There’s no question, however, that transportation will end up taking some of that 50 percent. If you drive to school, this means paying for gas. If you commute, this means the daily bus, LRT, or jeep fare. The best tip we can give here is to figure out the cheapest way to get to school from where you are. Definitely, taking a taxi is the way of the privileged, not the desperate, so try using other forms of public transportation because cheaper is not always worse. In fact, more public forms of commuting may even be safer.

With cheaper alternatives to food and transportation, it may be possible to spend less than the 50 percent allocated for needs. What remains can then be allocated somewhere else—in this case, to your lifestyle budget, or better yet, to your savings.



Many students dream of living the “college life,” being able to go out and party, food tripping around the city, and generally having more freedom. Well, this section of the budget is exactly for that. The second biggest chunk your allowance will go to lifestyle. It doesn’t matter if you’re into rock climbing, cooking, surfing or just vegging out, the budget for all those things fall under your lifestyle budget.

Your lifestyle budget is also used when you want something pricier. For a student, that can mean watching a concert or going out on a date. The lifestyle budget is also the most flexible because it deals with your wants. Unlike your essential expenses and your savings, which can be difficult to reduce because they are generally fixed needs, what you spend for your wants is totally up to you.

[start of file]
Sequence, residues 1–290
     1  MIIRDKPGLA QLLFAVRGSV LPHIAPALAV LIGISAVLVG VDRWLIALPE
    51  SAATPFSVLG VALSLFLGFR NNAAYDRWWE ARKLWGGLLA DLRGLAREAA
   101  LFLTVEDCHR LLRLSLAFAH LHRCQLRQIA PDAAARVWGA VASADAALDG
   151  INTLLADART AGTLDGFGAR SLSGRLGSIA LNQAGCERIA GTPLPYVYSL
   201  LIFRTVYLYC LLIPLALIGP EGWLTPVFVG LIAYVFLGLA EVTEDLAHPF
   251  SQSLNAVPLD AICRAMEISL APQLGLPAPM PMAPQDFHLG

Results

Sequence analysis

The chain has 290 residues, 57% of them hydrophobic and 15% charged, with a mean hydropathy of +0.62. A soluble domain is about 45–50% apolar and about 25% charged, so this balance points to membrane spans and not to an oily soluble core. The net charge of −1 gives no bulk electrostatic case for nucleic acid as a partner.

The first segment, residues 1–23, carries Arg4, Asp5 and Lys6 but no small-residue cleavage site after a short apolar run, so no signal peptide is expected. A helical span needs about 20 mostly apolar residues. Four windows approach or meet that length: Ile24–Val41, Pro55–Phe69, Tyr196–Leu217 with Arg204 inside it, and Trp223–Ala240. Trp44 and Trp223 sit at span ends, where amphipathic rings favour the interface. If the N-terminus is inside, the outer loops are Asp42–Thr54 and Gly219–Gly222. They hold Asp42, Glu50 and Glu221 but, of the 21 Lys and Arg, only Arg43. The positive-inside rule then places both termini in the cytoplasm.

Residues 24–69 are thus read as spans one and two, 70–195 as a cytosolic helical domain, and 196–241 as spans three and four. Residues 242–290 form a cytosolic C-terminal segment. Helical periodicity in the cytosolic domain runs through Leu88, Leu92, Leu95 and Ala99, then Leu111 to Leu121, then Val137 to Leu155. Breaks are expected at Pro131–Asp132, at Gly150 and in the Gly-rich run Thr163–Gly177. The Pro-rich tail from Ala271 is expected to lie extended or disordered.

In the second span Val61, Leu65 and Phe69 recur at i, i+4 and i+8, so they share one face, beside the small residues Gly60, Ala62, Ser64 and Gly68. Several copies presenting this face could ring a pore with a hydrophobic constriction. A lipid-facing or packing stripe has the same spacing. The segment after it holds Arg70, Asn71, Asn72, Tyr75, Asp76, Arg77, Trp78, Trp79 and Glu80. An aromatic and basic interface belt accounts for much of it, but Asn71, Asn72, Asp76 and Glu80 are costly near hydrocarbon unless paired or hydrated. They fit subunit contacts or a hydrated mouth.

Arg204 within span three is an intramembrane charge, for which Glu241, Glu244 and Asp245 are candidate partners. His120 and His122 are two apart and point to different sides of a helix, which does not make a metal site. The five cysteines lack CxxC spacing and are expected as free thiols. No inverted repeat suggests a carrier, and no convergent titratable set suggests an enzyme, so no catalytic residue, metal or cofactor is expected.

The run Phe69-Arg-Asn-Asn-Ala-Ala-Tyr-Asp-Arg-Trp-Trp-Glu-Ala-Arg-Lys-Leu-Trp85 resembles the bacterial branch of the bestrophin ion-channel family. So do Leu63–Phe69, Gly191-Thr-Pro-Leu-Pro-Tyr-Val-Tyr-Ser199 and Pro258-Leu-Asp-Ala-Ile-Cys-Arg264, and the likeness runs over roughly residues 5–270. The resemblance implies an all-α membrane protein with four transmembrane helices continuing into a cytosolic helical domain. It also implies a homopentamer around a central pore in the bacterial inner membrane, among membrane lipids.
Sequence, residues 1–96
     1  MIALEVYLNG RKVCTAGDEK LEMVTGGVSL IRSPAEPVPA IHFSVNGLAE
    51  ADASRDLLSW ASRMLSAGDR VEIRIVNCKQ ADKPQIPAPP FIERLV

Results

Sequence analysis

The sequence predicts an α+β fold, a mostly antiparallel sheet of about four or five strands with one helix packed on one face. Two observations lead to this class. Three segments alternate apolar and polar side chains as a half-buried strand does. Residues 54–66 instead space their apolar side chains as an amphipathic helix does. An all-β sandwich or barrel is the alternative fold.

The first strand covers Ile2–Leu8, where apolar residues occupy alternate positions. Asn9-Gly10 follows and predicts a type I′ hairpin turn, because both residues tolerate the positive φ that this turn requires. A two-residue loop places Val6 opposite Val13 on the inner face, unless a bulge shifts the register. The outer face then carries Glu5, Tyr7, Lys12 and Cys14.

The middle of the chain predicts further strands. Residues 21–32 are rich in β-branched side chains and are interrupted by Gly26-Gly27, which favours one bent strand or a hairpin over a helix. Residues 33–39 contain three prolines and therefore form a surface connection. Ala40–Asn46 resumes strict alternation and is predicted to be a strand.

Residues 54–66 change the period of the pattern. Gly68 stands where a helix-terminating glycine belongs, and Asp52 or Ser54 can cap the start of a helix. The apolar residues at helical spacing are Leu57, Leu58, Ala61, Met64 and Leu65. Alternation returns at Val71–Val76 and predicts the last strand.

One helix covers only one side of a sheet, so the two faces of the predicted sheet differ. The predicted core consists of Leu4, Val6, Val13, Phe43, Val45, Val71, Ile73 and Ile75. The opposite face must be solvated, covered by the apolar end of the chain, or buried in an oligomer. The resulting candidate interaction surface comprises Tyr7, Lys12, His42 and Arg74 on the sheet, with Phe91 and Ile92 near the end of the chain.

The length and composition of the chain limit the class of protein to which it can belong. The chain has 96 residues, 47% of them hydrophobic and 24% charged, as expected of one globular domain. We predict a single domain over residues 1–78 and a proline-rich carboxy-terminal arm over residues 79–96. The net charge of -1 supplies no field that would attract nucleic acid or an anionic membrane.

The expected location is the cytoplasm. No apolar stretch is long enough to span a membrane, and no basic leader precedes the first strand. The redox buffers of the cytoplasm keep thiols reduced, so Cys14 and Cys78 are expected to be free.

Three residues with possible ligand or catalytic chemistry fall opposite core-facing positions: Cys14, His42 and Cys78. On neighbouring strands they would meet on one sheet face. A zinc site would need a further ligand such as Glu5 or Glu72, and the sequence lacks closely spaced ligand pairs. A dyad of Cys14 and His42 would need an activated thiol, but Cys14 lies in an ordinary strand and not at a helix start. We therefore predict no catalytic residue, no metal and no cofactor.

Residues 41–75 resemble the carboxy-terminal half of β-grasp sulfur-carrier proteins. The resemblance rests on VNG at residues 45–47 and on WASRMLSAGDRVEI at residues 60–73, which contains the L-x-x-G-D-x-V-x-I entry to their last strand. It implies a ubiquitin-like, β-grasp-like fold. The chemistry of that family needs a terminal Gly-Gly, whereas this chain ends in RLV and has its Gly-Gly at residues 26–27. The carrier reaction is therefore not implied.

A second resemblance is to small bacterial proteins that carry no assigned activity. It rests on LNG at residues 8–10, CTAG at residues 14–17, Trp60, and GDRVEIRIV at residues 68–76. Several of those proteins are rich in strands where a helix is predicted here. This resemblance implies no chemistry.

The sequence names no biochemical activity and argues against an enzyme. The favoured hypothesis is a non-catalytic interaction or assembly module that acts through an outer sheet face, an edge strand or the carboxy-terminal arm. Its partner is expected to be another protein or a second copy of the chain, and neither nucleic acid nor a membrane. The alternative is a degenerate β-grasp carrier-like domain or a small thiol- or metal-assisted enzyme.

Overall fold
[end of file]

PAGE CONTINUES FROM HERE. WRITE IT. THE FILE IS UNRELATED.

However, this is where it gets a little tough. If you haven’t used up your 50 percent on needs yet, it’s tempting to add it to your lifestyle budget and splurge. This is alright to do once in a while (say, for that concert next month or your date tonight), but the toughest part of the 50-30-20 rule is limiting your wants, mainly because it allocates a measly 30 percent of your allowance to these. On the bad side, you may have to cut down on that trip to EK with your blockmates or going to UMall for some DOTA every day. On the bright side, if you put what’s left of your 50 percent into your savings, raising it from a 20 percent to a 30 or 35, who knows? In a few months’ time, you might just be able to buy that laptop or that smart phone you’ve really wanted and never knew you could afford.


The 50-30-20 rule of thumb in Real Life

Depending on your allowance and your living situation, the breakdown might go something like this.

Living Away from School (P1000/week)

A. Savings

  • 10 percent= P100

B. Needs

  • Meals: P85-100 x 4 days a week = P340-P400
  • Transportation: (Trike + shuttle = P50) and (Jeep + LRT = 20)

= 120 x 4 days a week = 28

Total = P620 – P680 per week

C. Wants

Leisure/Entertainment = P220


Living near school/dorm(P1000/week)

A. Savings

20 percent of 1000 = P200

B. Needs*

Meals : P85-100 x 4 days a week = P340-P400

C. Wants

Leisure/Entertainment = P200


In general, saving is a pretty simple concept. The 50-30-20 rule is there to make things simpler, to transform your saving habits into concrete steps and plans. It even gives you the numbers in the hope that you’ll stick by them. However, like many things, saving is easier said than done. Our advice is to try the 50-30-20 rule out. More than that, though, we encourage you to start your saving habits today and see how much they benefit you not only now, but far into the future.

Alex Diaz de Rivera

By Alex Diaz de Rivera

Belle Justiniani

By Belle Justiniani

23 replies on “The 50-30-20 budget plan”

hi. how about for fulltime working/part-time studying students, where do you factor tuition fee payment? any suggestion?